“Ok. So, in your view—” said I.

“No, it is not to do with my view. And don’t feel bad, my Friend,” said he, tapping my shoulder, “me, I don’t say you are bad person. I don’t say your work is bad. Me, I know ni kutafuta unga. In Kiswahili you say like that, sindio? You understand? Me, I want to write stories of here, because me I live here. I understand what happen. So I have one beg. Can you help me?”

(we have so far covered 01 to 06)


That evening, after I discovered that Ayen helped Biel with his practice writing, I admonished the former. Then we agreed to skip a day and meet Friday of the same week. When we met again at the bench, the following happened.

Biel arrived first and a few minutes on, Ayen appeared. This time she wore a black trouser and a white blouse, and she came along with a small girl. The small girl whom Ayen came with had a white flower stuck into her hair, at the top of her head, and Ayen had her own hair bound by a white band. The two sat on my right, and Biel on my left.

As far as I noticed, the small girl knew Ayen, and the small girl knew Biel, but the small girl had not seen me, of course. She glanced at my face at one moment, and the next glanced at the ground. The next she checked my nose or chin, and the other my shoe. So she engaged herself, and meanwhile, Biel, Ayen and I, exchanged pleasantries. It then got to the turn where Ayen should introduce the small girl.

“Nana,” said Ayen, holding her by the shoulder, “greet my friend [me]. Tell him your name. Tell him.” But the girl submerged herself in shyness.

Ayen then prompted her to stand before us. “Nana, don’t be shy. Speak. What is your name?”

“Nana,” said the girl. She, the girl, was tall when she stood, she was slender, and she was introverted, or so she seemed.

Now I recalled what Ayen mentioned prior Wednesday when she read to me the names of her girls. I remembered she said Nana hailed from Burundi, she the girl who wrote. “Hallo,” I said to the girl, stretching my hand for a handshake, “hallo, Nana?”

“Hallo to you,” she said in a little voice, with a tinge of an accent, and looking at my shoes. Those days I wore these shoes with pointed and curved tips. Now Ayen continued the conversation from here. “Ask him his name,” she said to Nana the little girl.

“What is your name?” said Nana, fidgeting her fingers before her dress. I told her, Taifa. And she said, “Taifa who?” I told her, Taifa Mkenya. Then she said, “Are you from Kenya?” I said, Yes. Then she looked at Ayen, as though to secure permission to say a word. Ayen nodded, and Nana next said to me, “Do you know Anne?”

“Which Anne..?” I said, “Ah, Anne from Nairobi? Yes, yes, I do.” Then I waited for her to speak next. Few seconds passed and then she said, “I wrote her a poem titled Hear my Voice.

I then asked her if she could recite it. And she looked at Ayen again, who nodded, and Nana continued thus, I remember.

Girls were scattered across the world

By Him who created soul, flesh, and blood

Some girls fell in the desert, of Syria and Arabia

Others fell in cities, in Berlin, Tokyo, and Brasilia

Wherever she is, she needs care and schooling

This she gets in some places, elsewhere, fooling

Here at Kakuma we get the former, mostly

Though the latter erupts sometimes unexpectedly

I am Nana, hello to you, Anne

Your friendship I wish to earn

Nairobi, for me

For me, greet Nairobi

I followed her poem from beginning to end, and told her to repeat it, which she did, with more gusto. Nana sat down after her second recitation, and Ayen hugged her and brushed her hair in commendation. “Has Anne replied to your email?” said Ayen, and Nana shook her head, upon which Ayen advised her to allow Anne more time to respond, and expect the response over the weekend latest.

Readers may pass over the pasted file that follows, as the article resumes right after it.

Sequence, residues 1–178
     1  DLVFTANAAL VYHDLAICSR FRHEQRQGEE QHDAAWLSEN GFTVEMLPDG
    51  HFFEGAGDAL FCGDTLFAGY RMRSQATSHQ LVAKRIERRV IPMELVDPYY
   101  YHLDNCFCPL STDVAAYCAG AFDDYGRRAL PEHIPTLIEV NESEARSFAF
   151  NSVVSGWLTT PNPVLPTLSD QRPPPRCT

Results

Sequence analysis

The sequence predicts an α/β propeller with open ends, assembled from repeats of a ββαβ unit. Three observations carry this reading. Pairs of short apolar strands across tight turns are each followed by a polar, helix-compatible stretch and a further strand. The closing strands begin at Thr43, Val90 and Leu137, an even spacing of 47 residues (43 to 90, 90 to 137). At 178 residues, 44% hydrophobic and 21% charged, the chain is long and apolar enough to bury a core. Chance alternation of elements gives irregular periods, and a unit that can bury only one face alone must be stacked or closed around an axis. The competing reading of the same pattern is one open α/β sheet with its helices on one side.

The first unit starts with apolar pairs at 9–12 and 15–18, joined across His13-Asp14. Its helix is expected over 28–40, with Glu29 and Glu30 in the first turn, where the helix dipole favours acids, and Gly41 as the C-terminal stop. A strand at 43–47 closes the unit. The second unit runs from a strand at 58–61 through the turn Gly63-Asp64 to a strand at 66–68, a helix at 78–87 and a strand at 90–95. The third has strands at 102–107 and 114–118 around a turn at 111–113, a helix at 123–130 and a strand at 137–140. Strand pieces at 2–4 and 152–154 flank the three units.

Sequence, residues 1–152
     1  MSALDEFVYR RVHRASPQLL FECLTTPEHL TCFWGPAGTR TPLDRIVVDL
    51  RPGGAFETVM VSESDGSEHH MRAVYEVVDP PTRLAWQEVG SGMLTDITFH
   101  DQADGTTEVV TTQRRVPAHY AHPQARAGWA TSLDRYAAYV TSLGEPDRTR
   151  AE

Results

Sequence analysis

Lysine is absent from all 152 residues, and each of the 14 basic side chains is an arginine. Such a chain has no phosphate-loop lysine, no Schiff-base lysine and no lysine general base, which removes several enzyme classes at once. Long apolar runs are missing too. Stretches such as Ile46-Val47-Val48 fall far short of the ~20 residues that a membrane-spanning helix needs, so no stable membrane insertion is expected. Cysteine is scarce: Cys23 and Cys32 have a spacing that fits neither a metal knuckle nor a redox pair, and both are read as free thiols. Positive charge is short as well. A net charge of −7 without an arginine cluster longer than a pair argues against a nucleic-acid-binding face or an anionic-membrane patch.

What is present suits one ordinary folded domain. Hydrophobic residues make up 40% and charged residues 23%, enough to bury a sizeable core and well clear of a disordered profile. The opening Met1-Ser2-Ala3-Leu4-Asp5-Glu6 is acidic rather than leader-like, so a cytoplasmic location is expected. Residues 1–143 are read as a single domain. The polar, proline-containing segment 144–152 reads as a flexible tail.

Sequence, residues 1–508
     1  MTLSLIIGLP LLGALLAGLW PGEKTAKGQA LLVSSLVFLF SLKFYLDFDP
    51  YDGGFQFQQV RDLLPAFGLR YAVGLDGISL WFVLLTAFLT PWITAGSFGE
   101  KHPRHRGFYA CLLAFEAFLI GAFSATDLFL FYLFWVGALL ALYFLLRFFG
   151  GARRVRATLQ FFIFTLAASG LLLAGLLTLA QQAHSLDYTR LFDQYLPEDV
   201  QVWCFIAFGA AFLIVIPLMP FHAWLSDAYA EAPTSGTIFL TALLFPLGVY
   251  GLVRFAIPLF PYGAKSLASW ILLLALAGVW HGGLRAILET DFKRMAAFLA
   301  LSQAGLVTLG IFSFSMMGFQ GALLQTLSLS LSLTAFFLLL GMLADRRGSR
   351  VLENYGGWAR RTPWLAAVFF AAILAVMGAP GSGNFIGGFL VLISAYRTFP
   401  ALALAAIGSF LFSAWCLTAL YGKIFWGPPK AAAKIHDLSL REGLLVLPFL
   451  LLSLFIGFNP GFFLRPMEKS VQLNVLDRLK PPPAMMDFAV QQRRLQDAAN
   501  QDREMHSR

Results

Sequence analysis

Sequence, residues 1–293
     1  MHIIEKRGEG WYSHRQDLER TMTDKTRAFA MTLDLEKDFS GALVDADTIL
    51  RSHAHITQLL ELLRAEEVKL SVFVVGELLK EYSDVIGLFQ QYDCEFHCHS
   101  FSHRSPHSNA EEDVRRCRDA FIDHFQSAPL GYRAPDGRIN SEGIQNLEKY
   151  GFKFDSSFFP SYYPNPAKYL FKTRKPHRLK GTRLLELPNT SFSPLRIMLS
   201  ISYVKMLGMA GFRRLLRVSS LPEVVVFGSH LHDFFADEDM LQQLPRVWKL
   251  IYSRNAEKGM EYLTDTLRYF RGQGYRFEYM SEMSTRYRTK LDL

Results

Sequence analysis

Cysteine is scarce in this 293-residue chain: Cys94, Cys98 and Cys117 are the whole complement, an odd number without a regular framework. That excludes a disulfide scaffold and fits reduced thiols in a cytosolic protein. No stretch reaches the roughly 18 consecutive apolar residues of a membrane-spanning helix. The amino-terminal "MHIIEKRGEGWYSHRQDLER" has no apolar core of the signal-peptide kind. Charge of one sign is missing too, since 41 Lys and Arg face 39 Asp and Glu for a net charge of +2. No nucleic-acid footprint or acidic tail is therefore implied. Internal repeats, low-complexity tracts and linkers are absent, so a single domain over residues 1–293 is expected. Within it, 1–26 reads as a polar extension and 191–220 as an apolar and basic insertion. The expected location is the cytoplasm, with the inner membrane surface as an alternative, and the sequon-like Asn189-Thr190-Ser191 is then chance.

Ayen and Nana having stopped conversing now, I turned to Biel and asked him how things fared. “My Friend,” he said, “me I have been fine. My brother in the house was sick of malaria, but he is good now. Me I got drugs for him from the clinic and give him to swallow, though he vomit most of the tablets but I force him to take. I block his nose and put the last tablet in his throat and pour a jug of water inside. He cough but he swallow finally. Thank God. But me myself I am very good, and I have written more pages, see—”

“Ah, let me see,” I said, receiving his practice book, from which I read the following narration.

When the four South Sudanese came from the mud of the White Nile they walk faster-faster to the restaurant of The Nile Queen. The lady Adut walk with the young man Luok, in front; while, the two young men—Gat and Deng, follow them tudup tudup. They pass through lines of shopping structures on both sides of the path they walk. And some of these shops and buildings, the war charred dark, and left broken, because of the arson and looting that fly on the wings of war. Along the path they see boulders, and tires—some burnt, some planted on the road as barriers. These were the remnants of the war, because at this time, today, nobody stopped them. On the steps of the shops they see people seated. Some old, some young; some female, some male; some curious, some relaxed. “Those people look at us funny. They think we are refugees,” said Gat to Deng, whom he walked by, behind the pair of Adut and Luok.

They covered one corner of the path and then the restaurant revealed itself. And they hurried there. In, they entered, and sat around one table, Deng and Gat on one side, Adut and Luok on the other. At once Deng said, “Waiter! Waiter, bring ‘Kisra’.”

Against this, Adut said, “Kisra makes me vomit. No Kisra on this table. Or I will move.”

#To be continued…

A week goes and languages grow; my stories so.

[The typer of these words is a breaker of English. Creator of words. Attempter of waggish things. Marveler of nature. Enjoyer of life. Lover of strangers. Taster of cultures. Writer of Tom James. Editor. Snap-shooter. Storyteller. Future husband. Teacher. Learner. Soon a traveler. And he wants to entertain you]